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New York (AFP) – Ford Motor issued two vehicle recalls Monday, one to fix a corrosion risk that could affect steering and another to replace seat frames that do not meet safety standards.

Ford said it was recalling about 385,7500 Ford Escape sport-utility vehicles in the model years 2001-2004 to address a potential subframe corrosion issue that could cause the lower control arm to separate, resulting in reduced steering control and an increased crash risk.

The number-two US automaker said it was aware of one crash that may be related to the issue, but knew of no injuries.

Dealers will install a reinforcement crossbrace to prevent the separation.

Affected vehicles included some that were originally sold or currently registered in high-corrosion states or provinces, where road salt is used extensively to counter icy conditions. Most of the recall affects some 48,950 Ford Escape SUVs in the United States and about 37,000 in Canada.

The second recall affects about 48,950 Ford Fusion, Lincoln MKZ, Ford Escape and C-MAX vehicles in the model years 2013-2014.

Ford said that some seat back frames may have been produced with sub-standard welds, potentially increasing the risk of injury in certain collisions.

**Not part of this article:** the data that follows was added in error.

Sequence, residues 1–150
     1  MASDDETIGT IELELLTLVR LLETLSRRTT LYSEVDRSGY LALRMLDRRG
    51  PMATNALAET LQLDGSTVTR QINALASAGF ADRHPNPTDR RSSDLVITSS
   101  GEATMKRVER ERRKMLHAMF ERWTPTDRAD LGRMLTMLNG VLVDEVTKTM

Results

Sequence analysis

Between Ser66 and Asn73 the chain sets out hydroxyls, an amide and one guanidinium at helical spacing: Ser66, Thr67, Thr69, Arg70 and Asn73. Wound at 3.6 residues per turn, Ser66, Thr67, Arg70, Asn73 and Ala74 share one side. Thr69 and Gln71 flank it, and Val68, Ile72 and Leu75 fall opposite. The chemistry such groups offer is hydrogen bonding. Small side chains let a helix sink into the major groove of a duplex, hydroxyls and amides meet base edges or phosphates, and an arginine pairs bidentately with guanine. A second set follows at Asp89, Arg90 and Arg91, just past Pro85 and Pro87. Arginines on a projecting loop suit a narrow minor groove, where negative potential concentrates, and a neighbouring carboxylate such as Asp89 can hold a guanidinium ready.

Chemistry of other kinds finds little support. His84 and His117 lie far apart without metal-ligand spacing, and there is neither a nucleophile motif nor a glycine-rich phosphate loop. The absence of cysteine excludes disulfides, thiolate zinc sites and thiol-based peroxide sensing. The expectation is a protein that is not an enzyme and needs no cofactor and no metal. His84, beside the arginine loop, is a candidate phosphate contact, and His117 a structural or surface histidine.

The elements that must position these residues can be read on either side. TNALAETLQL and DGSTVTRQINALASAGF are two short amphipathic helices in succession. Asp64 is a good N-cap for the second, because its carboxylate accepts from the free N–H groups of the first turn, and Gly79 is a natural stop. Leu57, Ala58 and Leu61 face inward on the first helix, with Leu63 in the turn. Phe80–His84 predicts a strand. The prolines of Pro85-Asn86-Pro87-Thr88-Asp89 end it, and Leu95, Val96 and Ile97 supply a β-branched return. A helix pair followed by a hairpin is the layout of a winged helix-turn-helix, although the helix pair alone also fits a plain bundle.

No accidents or injuries have been linked to this problem, Ford said.

Dealers will replace the suspect seat back frames and associated parts on the vehicles. Most of them — 42,972 — are located in the U.S.

AFP Photo/Stan Honda

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US Speaker of the House Nancy Pelosi wants her Democrats to push through trillions of dollars worth of investments in infrastructure and social service programs before a self-imposed deadline of September 30, 2021

Washington (AFP) - House Speaker Nancy Pelosi expressed confidence a massive infrastructure bill will pass this week but acknowledged it would not get a Monday vote as planned, with fellow Democrats warning critical work remains to meet the party's deadlines.

Democrats have been scrambling to hammer out a landmark plan to upgrade the nation's roads and bridges, but are also under immense pressure to finalize a $3.5 trillion public investment package and fund the government to avert a looming shutdown -- all by September 30.

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